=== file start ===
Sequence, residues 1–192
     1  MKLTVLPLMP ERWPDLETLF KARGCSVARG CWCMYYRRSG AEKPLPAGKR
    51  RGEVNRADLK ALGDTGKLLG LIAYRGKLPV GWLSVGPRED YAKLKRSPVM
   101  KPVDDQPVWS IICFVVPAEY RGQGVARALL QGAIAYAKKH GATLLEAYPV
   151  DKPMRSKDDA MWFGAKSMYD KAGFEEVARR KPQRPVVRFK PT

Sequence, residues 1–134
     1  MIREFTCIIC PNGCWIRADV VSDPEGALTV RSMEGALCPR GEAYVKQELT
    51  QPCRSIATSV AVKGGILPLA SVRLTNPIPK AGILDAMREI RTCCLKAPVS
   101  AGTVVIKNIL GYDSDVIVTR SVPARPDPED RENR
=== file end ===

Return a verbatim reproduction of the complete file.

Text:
Sequence, residues 1–192
     1  MKLTVLPLMP ERWPDLETLF KARGCSVARG CWCMYYRRSG AEKPLPAGKR
    51  RGEVNRADLK ALGDTGKLLG LIAYRGKLPV GWLSVGPRED YAKLKRSPVM
   101  KPVDDQPVWS IICFVVPAEY RGQGVARALL QGAIAYAKKH GATLLEAYPV
   151  DKPMRSKDDA MWFGAKSMYD KAGFEEVARR KPQRPVVRFK PT

Sequence, residues 1–134
     1  MIREFTCIIC PNGCWIRADV VSDPEGALTV RSMEGALCPR GEAYVKQELT
    51  QPCRSIATSV AVKGGILPLA SVRLTNPIPK AGILDAMREI RTCCLKAPVS
   101  AGTVVIKNIL GYDSDVIVTR SVPARPDPED RENR